When a person passes a decade in a position “unlawfully” and then is suddenly removed for that “unlawful” occupation, one tends to ask what he did and how his organisation fared during that passage of time. For Prof Muhammad Yunus and Grameen Bank in which he served as the managing director, those ten years were the golden time of phenomenal rise and glorious shine. Bangladesh also shone bright with him and Grameen Bank.
Set aside the fact that it was the deeds during that decade that actually caught the attention of the wider world and eventually brought Nobel to the country, Grameen Bank became a model to be emulated in 40 countries — from China to America, from Bolivia to India — across the globe to set millions of impoverished people free from the yoke of poverty. Millions of faceless people suddenly got their faces back as human beings. For once, the world had a solution to help the end-of-the-line people come out of poverty.
And with the transformation of Prof Yunus, whom the international community regards as the messiah of the poor, Grameen Bank also shone in its ledgers. If the simple and traditional parameters of banking are applied to measure its progress during that ten years, its achievements were astounding.
For one, Grameen Bank’s deposits increased 20 times; its profits soared to a new height; and the number of its members tripled.
The year 2000 — when, according to Bangladesh Bank, Grameen’s founder Professor Muhammad Yunus exceeded the mandatory retirement age — saw the bank making a profit of only Tk 1.1 crore. The next year, its profits jumped six times.
Since then, there was no looking back for the microfinance bank in terms of profit.
In its history, Grameen Bank posted profits exceeding Tk 100 crore thrice after that period.
The?bank?had deposits of nearly Tk 105 billion and outstanding loans of Tk 68 billion, as of 2010.
The bank stepped into the new millennium with 23.78 lakh members across the country. Their number has tripled to 83 lakh — 97 percent of them women — at the end of the last year.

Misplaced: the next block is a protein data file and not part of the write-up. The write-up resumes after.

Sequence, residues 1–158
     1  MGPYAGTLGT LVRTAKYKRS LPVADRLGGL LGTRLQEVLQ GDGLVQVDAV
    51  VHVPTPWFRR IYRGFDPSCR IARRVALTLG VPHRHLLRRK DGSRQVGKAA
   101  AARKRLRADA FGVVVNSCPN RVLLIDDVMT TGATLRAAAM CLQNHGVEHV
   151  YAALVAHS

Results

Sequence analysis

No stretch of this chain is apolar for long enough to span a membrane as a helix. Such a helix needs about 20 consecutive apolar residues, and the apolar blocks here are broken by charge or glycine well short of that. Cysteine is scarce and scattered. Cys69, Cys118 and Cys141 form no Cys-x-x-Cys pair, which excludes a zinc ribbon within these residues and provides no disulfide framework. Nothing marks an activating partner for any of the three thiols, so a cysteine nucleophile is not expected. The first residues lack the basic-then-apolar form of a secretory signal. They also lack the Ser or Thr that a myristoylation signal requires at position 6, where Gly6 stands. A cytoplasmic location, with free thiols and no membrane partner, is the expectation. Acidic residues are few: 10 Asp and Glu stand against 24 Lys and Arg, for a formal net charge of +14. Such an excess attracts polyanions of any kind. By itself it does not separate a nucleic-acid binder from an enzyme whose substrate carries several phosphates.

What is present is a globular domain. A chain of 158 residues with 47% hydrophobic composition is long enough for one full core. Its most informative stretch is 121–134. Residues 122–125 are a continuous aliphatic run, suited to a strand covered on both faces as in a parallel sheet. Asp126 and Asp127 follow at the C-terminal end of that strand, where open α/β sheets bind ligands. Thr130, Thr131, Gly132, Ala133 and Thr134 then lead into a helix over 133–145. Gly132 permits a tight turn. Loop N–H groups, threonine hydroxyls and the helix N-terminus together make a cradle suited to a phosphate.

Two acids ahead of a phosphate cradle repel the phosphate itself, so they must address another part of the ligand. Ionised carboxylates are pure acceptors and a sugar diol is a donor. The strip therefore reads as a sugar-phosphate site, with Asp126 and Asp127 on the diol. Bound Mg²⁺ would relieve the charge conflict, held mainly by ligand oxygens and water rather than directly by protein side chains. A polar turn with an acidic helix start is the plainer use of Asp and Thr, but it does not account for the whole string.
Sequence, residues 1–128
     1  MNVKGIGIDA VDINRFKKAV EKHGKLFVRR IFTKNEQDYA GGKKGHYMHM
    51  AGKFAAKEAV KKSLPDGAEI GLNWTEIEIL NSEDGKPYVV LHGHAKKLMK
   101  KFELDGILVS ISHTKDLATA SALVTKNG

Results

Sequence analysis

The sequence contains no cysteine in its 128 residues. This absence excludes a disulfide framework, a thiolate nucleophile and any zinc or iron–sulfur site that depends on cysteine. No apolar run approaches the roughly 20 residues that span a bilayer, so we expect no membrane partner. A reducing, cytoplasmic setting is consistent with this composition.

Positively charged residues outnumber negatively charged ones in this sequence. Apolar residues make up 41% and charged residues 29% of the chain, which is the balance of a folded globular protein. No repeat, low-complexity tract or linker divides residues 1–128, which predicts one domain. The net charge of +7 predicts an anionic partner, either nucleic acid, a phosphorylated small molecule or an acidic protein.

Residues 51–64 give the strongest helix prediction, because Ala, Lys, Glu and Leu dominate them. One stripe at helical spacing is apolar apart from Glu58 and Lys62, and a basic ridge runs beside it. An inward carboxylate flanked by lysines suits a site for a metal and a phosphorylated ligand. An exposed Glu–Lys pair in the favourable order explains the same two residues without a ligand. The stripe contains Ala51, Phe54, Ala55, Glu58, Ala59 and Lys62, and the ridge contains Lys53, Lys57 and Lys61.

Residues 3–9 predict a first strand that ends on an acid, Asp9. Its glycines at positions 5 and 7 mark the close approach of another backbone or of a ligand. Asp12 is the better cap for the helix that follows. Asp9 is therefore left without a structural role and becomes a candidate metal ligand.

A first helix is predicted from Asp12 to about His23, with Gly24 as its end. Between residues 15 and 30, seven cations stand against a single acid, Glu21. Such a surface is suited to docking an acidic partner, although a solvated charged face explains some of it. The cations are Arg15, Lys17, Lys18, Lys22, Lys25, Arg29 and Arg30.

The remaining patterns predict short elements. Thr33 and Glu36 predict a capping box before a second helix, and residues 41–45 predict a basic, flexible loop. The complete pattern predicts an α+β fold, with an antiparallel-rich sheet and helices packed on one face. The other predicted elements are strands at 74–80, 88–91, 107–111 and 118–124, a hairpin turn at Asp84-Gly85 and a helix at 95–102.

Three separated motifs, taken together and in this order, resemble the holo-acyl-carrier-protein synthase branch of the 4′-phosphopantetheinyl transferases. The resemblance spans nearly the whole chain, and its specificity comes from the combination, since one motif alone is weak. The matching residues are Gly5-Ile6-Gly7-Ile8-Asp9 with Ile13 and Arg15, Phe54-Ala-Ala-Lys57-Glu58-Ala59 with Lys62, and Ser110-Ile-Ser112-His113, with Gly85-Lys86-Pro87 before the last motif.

Its coverage reached great heights during that period. The microcredit institution had 68,467 centres covering 40,225 villages in 2000. It now operates in 83,458 villages with 144,106 centres, covering the whole of Bangladesh.
Grameen Bank doubled its branches in a decade to 2,562 in 2009 from 1,160 in 2000.
Since its inception, the bank has disbursed Tk 622.26 billion.
The bank charged the lowest interest rate — 20 percent — in the sector in Bangladesh, where allegations of charging a lending rate as high as 45 percent are rife.
The bank has not only provided means of livelihood to the country’s poor, but also created jobs for more than 22,000 people by doubling its staff in the last one decade. The majority of its employees are from the poorer section of the society.
The bank and its legendary founder Prof Yunus jointly won the Nobel Peace Prize “for their efforts to create economic and social development from below” in 2006.
The achievement, seen as the best prize for the country since the independence, gave the sector a strong boost at a time when critics started to question the effectiveness of microfinance programmes in Bangladesh as well as other countries across the globe.